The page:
12. Look inside your parent’s cars. A lot of times parents leave receipts in the car so you could look there, also try looking in your mum’s purse. They usually keep them in there in case they have to return anything in January.
Follow these simple guidelines and it’s a sure thing that you can can really spoil any Christmas Day surprises!
very funny, Andrew. Wishing you and your family a happy Christmas and a good and healthy 2014. Carina 🙂
And the same in return to you!
Late to comment but this list is pretty hysterical – very funny. great humor you have!
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Andrew, Do you mean to tell me that it isn’t all true? I wish I’d read this back in 2013 when you posted it first up.
Merry Christmas to you and yours!! Let’s hope you’ll be travelling a lot more frequently in the year to come. And stay safe!!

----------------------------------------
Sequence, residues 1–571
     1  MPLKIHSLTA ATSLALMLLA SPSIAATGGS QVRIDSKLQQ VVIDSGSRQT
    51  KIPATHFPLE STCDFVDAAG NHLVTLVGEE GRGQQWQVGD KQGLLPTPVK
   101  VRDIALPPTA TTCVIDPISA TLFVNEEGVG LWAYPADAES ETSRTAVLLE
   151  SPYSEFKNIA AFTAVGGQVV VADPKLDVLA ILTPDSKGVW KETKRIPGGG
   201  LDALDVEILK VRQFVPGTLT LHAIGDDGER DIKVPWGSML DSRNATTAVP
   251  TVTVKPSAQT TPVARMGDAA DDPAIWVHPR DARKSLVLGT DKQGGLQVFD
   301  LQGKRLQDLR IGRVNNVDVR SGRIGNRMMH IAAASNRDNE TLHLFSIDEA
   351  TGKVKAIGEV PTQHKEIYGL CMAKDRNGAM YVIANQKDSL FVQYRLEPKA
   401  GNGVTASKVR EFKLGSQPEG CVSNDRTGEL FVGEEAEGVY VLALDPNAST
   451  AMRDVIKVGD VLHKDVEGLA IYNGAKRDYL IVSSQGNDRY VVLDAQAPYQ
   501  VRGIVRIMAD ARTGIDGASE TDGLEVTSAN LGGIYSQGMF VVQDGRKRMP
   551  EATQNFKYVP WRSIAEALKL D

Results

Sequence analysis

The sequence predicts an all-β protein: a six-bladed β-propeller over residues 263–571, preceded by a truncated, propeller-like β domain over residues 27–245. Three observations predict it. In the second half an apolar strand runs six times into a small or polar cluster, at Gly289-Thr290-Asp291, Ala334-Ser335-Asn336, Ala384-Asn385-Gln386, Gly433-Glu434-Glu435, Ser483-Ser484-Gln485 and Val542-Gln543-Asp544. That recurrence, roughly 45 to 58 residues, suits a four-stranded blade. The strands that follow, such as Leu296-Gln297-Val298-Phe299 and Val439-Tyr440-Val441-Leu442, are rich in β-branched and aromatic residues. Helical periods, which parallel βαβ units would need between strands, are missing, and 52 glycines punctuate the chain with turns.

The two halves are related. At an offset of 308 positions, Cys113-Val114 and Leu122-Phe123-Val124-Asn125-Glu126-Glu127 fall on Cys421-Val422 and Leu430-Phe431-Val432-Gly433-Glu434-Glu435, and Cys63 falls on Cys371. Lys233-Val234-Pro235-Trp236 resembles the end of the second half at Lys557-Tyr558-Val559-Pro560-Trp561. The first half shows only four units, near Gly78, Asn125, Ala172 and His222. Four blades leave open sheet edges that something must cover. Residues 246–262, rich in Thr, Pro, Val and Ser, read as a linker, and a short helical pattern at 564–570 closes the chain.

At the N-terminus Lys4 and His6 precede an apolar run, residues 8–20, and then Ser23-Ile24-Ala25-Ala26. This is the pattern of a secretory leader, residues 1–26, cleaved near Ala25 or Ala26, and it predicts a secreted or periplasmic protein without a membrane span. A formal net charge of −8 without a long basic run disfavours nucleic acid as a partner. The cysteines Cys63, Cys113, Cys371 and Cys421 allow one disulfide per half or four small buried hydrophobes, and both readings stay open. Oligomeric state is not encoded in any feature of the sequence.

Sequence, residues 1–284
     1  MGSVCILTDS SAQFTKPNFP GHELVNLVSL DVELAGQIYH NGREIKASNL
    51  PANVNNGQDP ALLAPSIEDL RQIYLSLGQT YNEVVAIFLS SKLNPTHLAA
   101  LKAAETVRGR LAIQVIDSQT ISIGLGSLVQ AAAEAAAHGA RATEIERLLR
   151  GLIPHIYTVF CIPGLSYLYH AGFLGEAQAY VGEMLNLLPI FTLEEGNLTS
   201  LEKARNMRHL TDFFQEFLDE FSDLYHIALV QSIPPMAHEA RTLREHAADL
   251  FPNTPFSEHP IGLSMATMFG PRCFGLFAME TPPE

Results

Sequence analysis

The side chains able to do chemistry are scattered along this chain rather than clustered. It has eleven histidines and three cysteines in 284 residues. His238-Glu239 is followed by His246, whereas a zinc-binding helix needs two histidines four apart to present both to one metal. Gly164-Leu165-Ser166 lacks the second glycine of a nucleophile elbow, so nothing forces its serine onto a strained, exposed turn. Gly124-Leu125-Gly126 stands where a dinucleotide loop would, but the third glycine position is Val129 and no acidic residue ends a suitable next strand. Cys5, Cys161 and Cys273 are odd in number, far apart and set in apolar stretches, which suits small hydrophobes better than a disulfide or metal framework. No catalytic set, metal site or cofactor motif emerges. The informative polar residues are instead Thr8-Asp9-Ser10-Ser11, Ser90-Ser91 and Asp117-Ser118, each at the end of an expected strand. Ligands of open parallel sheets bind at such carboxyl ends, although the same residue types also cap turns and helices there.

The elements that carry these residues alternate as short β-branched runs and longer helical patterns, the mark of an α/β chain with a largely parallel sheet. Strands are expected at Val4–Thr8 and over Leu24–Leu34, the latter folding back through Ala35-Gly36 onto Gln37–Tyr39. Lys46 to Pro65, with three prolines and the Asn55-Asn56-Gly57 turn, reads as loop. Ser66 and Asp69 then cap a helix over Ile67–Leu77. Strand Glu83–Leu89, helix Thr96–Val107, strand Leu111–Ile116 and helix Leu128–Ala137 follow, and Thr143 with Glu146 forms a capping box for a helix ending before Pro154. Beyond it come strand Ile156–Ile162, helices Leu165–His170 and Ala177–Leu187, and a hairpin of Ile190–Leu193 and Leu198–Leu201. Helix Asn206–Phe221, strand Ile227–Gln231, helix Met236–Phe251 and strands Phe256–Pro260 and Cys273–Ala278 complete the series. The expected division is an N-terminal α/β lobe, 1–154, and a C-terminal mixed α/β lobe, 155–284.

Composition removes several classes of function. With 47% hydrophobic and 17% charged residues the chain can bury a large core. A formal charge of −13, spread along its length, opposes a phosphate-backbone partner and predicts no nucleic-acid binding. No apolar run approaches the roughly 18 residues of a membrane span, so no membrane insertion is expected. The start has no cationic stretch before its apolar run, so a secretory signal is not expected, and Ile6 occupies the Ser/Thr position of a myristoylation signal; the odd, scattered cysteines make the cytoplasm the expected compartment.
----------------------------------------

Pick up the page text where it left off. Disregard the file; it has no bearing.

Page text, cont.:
Doesn’t seem too likely at the moment.
I used to put the presents in a trunk under the stairs, and yes, they discovered that hiding place! Bikes were delivered to a neighbour’s house, so a complete surprise, and put in the downstairs toilet, not under the tree 😂
Children have eyes like hawks.
A great post. I was just the opposite. If I accidentally came across something, I deliberately didn’t look, in order not to spoil the surprise.
That requires real will power.
You are such a spoilsport, Andrew 🙂
It’s my job Derrick.
Haha, I love your list of How-To. The Christmas pastime of all youngsters when the house is empty, always done speedily in case they come back earlier than expected.
My brother and I stopped looking for presents after we killed our new kitten.
We didn’t lean the step ladders properly when we put them back. We left them straight up. The kitten ran up the ladders, the ladders fell on top of the the kitten and killed him instantly.
That was very unlucky!
I enjoyed that Andrew. Wishing you and your family a Merry Christmas and a very Happy New year!
Thanks for stopping by.